(Obscure) Civil War Weekend Exploring

How far out of your way would you go to see something related to your favorite battlefield Park?

I confess that I visit plenty of obscure historical sites. Goes with the territory, I guess. I visit artifacts, too.

When the Chickamauga-Chattanooga National Military Park was created, the veterans erected five metal observation towers. Three of those were on the Chickamauga field – at Hall’s Ford, on the Union line west of Jay’s Mill, and on Hill 2 of Horseshoe Ridge. Two more were placed on Missionary Ridge, the first at Bragg’s headquarters site and the second at the point where Baird’s division first ascended the ridge on November 25, 1863.

Bragg HQ 1900
The Bragg Tower as it once stood

There are pictures of these towers, but they were all removed before I ever visited the park. Unlike at Gettysburg and the stone tower at Antietam, there are no surviving observation towers at Chickamauga today.

But that doesn’t mean they are all gone, departed from this plane of existence.

One tower – the one from Bragg’s Headquarters – still survives. It is still in Tennessee, serving as a fire lookout tower at Fall Creek Falls State Park, about 50 miles south of Cookeville, Tennessee. Fall Creek Falls is a very scenic place, a popular site for camping and hiking, but it lacks much by way of Civil War History, as far as I have discovered.

Except, of course, for the Bragg Reservation tower.

Which means, of course (obviously) I had to visit it for myself.

I have done so twice, each time shanghaiing friends to go along with me. The first was at least a decade ago, perhaps closer to thirteen years, and it poured rain the whole time.

This March, on my way to Chickamauga for my annual “Seminar in the Woods,” we did so again. This time the sun was out, and though it was muddy, I was able to visit the tower.

The tower from the park fire road

It still stands. A couple of steps are broken, and it seems a tad rickety. Surprisingly, the park lets you climb it, though the warning sign informs you in no uncertain terms that you do so at your own risk. No slip-n-fall goldmine here, so be forewarned.

At the foot of the beast
Some battle damage
The descent

I confess I was nervous about going up. The platform stands 75 feet high, and the tower sways a bit with your footsteps as you go higher. But I went about three-quarters of the way up, though I did not like the look of the platform floor as I got closer.

But veterans climbed this tower, long ago, to survey the terrain where they fought, and perhaps tell war stories about assaulting – or defending – Missionary Ridge.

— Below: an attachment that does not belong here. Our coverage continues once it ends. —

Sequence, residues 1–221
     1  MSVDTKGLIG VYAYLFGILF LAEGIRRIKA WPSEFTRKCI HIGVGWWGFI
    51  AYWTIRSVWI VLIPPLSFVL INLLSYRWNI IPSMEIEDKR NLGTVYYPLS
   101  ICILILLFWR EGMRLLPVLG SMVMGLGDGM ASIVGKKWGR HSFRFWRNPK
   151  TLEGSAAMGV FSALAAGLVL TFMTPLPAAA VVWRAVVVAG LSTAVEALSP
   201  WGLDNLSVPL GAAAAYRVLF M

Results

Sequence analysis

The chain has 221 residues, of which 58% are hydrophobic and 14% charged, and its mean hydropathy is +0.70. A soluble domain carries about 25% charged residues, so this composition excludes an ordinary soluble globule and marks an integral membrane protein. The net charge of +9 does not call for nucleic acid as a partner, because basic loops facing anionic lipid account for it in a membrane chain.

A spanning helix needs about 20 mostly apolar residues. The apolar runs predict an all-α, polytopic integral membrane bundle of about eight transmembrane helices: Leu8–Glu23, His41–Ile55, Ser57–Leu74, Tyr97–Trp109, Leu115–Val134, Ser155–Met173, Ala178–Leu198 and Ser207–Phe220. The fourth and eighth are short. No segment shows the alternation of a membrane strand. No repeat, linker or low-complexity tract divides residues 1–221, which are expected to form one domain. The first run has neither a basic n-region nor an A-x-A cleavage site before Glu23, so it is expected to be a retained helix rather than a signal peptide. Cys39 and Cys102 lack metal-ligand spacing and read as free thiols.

I was happy I visited. Perhaps you will be too.

4 Responses to (Obscure) Civil War Weekend Exploring

  1. Dave Powell
    Thanks for this reminder that “significant changes have taken place at the National Military Parks over the years; and not all of those changes were for the better.” Attempts to build hotels and trolley lines, and constructing major roads across the heart of battlefields… what were they thinking?
    When I visited Chattanooga a few years ago, I did not realize that towers had ever been in place there. And, fortunately, Lookout Mountain provides a birds-eye view.
    But, Vicksburg is another matter. And when I visited that heavily wooded labyrinth of ravines and dead-end trails, I thought, “This place could use a few towers.”
    Just in the past week, while perusing the 1911 work, “Indiana at Vicksburg,” on page 18 one of the three observation towers erected at Vicksburg NMP stood proudly. All three towers have since been removed, and never replaced.
    What were they thinking?

  2. Enjoyed your piece, Dave. On a recent visit to the RevWar Yorktown battlefield, an NPS Ranger directed me to Civil War era earthworks on the remote backside of the park that were built to defend against the Union advance during the 1862 Peninsula campaign. I was pleasingly shocked at the great condition of the earthworks, albeit they were fairly overgrown with vegetation. It was a real treat!

  3. I grew up in the town of Chickamauga, known as Crawfish Springs (pre & post Civil War). As a boy, I remember my parents speaking of those towers. They were born in the early 1920s in Chickamauga. I found a website long ago that discussed the towers and the dates of their dismantling. I’ve tried in vain to find that site again to no avail. It is wonderful to know that the Bragg tower still exists. Thank you for the wonderful photos.

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